Open this publication in new window or tab >>Factors associated with a positive birth experience: An exploration of Swedish women‘s experiences
2013 (English)In: International Journal of Childbirth, ISSN 2156-5287, Vol. 3, no 3, p. 153-164Article in journal (Refereed) Published
Abstract [en]

BACKGROUND: The birth of a baby is a powerful life event that has implications for a woman's wellbeing and future health. A positive birth experience promotes a sense of achievement, enhances feeling of self-worth, and facilitates confidence—all of which are important for a healthy adaptation to motherhood and psychological growth. Understanding what constitutes a positive birth experience is critical to providing maternity care that meets childbearing women's individual needs, preferences, and priorities. OBJECTIVE: To explore the prevalence of Swedish women reporting a very positive birth experience 2 months and 1 year after childbirth and identify factors associated with this experience. In addition, the study aimed to identify whether women's assessment of their birth experience changed over time. METHOD: A prospective, longitudinal study where the main outcome variable was perceptions of a very positive birth experience. The study was undertaken in a Northern region of Sweden in 2007. Women were recruited at their ultrasound examination in midpregnancy. Data was collected via questionnaires. There were 928 women who responded to questions about their birth experience at 2 months postpartum. Nearly 83% of these women (n = 763) also completed the questionnaire package 1 year after birth. Descriptive statistics were used together with Friedman's test to detect changes over time. Logistic regression analysis was performed to reveal which factors contributed most to a very positive birth experience. RESULT: More than a third of the women reported a very positive birth experience. Women's assessment of birth changed over time with 22% of the women becoming more positive and 15% more negative. Important associated factors for a very positive birth experience included positive feelings about the approaching birth as well as feeling in control, using no or only cognitive forms of pain management, and achieving a spontaneous vaginal birth. Furthermore, how women rated their midwifery care was also shown to affect their assessment of their birth experience. CONCLUSION: This study found that women's birth experiences changed over time and most becoming more positive after 1 year. Factors associated with a very positive birth experience were related to women's prenatal attitudes, intrapartum procedures, pain relief used, and care received during labor and birth. Respectful individualized midwifery care that remains focused on the woman and keeping birth normal increases positive perceptions of the birth experience.

National Category
Nursing
Identifiers
urn:nbn:se:miun:diva-19053 (URN)10.1891/2156-5287.3.3.153 (DOI)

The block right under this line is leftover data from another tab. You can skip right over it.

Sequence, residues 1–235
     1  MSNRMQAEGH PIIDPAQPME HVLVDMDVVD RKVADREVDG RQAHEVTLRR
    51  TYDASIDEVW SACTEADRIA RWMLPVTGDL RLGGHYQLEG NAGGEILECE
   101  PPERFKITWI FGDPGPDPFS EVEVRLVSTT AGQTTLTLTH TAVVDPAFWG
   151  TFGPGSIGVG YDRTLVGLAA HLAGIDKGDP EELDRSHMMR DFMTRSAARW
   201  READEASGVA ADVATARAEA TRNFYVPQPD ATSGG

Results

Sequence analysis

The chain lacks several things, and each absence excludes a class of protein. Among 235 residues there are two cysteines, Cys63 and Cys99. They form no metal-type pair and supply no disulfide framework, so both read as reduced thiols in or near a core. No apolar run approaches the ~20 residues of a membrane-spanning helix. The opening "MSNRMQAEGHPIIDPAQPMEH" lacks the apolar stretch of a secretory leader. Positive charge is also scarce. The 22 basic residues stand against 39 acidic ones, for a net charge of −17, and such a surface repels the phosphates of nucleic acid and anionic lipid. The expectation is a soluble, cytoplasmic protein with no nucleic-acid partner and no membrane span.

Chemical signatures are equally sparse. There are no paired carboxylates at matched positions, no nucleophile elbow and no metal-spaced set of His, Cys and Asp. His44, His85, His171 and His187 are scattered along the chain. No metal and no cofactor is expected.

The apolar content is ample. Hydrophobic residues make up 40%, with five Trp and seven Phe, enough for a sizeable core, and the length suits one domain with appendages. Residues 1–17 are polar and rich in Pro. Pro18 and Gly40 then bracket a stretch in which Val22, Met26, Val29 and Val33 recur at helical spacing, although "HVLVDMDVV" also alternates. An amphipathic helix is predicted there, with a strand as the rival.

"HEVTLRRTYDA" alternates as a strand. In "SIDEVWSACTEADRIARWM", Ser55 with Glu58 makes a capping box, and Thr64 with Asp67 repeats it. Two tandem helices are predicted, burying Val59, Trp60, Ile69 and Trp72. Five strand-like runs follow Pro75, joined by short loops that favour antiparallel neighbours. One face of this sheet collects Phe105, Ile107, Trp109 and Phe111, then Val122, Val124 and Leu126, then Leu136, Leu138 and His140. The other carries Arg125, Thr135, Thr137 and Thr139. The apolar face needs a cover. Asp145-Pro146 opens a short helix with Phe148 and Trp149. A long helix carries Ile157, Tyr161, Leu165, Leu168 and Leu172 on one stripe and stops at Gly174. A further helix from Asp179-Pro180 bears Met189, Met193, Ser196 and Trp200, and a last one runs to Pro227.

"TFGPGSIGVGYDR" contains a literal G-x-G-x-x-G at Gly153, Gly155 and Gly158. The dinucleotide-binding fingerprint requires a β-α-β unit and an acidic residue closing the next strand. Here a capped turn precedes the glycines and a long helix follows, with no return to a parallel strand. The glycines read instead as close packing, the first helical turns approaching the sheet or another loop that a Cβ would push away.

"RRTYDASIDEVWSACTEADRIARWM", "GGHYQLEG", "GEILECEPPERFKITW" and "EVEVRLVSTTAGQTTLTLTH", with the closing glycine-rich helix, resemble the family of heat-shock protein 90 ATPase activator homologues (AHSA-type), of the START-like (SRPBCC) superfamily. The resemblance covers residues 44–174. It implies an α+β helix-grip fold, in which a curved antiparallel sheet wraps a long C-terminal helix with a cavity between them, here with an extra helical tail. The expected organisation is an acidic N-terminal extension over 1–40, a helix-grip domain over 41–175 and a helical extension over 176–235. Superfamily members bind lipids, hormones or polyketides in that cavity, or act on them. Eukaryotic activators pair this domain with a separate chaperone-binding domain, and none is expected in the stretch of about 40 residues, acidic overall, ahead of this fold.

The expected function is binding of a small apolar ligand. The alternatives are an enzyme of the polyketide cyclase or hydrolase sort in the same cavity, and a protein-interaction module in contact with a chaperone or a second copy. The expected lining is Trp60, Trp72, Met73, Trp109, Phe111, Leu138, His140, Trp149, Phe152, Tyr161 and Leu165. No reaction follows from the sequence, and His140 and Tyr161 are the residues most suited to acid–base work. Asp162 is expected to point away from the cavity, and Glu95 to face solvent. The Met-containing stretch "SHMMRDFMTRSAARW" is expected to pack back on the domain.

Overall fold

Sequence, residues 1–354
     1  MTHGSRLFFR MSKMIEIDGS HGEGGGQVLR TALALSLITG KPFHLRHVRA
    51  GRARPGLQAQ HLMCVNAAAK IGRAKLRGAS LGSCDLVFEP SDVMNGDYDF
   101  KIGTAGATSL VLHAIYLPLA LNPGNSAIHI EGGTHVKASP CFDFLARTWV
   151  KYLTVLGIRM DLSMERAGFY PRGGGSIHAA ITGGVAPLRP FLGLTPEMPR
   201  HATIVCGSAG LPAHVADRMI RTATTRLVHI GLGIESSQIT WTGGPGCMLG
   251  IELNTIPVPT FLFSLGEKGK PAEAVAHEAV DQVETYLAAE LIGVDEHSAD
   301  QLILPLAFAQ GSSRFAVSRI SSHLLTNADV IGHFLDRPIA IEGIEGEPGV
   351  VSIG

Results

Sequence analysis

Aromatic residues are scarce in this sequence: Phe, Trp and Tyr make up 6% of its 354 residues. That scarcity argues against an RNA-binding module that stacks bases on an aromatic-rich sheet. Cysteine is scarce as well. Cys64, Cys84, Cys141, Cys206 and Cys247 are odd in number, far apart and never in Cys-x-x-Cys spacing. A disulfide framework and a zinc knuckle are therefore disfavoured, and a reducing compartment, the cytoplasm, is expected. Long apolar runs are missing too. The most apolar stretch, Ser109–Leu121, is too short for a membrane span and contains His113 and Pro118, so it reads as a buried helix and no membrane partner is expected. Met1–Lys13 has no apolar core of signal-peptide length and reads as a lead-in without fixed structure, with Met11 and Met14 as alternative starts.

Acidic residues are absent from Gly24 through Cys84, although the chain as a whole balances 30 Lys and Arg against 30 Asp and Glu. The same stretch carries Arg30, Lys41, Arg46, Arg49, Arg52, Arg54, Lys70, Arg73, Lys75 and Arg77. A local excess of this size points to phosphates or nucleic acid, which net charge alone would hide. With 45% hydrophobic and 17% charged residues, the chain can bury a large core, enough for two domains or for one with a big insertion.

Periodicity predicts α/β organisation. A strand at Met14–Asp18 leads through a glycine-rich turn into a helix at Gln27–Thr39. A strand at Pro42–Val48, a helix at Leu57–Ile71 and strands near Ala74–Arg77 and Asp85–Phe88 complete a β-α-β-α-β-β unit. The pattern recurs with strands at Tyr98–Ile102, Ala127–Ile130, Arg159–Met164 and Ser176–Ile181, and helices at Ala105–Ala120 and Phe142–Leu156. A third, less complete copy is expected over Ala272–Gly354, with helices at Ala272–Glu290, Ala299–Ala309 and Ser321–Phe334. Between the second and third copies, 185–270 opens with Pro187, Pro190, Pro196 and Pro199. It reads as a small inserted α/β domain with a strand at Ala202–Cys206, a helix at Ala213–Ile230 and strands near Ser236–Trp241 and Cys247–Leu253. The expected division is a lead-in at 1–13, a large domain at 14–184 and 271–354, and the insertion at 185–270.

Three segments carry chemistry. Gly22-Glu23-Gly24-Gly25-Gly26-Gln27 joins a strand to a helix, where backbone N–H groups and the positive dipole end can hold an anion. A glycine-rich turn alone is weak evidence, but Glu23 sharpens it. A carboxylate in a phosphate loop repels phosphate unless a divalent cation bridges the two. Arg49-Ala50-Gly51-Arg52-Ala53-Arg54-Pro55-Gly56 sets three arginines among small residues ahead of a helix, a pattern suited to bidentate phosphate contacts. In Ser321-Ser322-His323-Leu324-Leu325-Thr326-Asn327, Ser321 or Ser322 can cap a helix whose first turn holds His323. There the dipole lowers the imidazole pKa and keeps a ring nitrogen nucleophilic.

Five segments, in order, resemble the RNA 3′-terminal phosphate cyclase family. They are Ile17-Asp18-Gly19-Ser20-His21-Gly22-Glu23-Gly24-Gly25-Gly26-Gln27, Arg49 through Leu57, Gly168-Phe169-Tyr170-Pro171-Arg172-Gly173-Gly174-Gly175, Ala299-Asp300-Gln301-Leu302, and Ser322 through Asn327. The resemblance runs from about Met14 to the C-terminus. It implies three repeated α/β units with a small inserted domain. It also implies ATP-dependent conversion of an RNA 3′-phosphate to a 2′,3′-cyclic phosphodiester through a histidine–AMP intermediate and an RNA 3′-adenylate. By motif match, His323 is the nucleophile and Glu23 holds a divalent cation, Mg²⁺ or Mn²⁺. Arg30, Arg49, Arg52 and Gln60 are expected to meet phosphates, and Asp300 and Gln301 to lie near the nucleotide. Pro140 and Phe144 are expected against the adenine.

Available from: 2013-06-04 Created: 2013-06-04 Last updated: 2014-04-24Bibliographically approved
Johansson, M., Hildingsson, I. & Fenwick, J. (2013). Fathers want to stay close to their partner and new baby in the early postnatal period: The importance of being able to room in after a surgical birth. Sexual & Reproductive HealthCare, 4(1), 35-36
Open this publication in new window or tab >>Fathers want to stay close to their partner and new baby in the early postnatal period: The importance of being able to room in after a surgical birth
2013 (English)In: Sexual & Reproductive HealthCare, ISSN 1877-5756, E-ISSN 1877-5764, Vol. 4, no 1, p. 35-36Article in journal (Refereed) Published
Abstract [en]

The early postnatal period can be challenging for new fathers especially when their partner has experienced a caesarean section. The aim of this study was to describe men's perceptions and feelings of staying with their partner and new baby in the context of having experienced a surgical birth. Thematic analysis was employed to analyse telephone interviews collected from 21 Swedish fathers who had experienced elective or emergency caesarean section. Being involved, receiving support and providing support were main reasons men considered it important they be facilitated to stay with their partners. Postnatal care should be oriented towards the whole family.

Keywords
Caesarean section; Fathers; Postnatal period; Qualitative research
National Category
Nursing
Identifiers
urn:nbn:se:miun:diva-17526 (URN)10.1016/j.srhc.2012.11.002 (DOI)000316091000007 ()2-s2.0-84874226393 (Scopus ID)
Available from: 2012-11-30 Created: 2012-11-30 Last updated: 2017-12-07Bibliographically approved
Johansson, M., Hildingsson, I. & Fenwick, J. (2013). Important factors working to mediate Swedish fathers' experiences of a caesarean section. Midwifery, 29(9), 1041-1049
Open this publication in new window or tab >>Important factors working to mediate Swedish fathers' experiences of a caesarean section
2013 (English)In: Midwifery, ISSN 0266-6138, E-ISSN 1532-3099, Vol. 29, no 9, p. 1041-1049Article in journal (Refereed) Published
Abstract [en]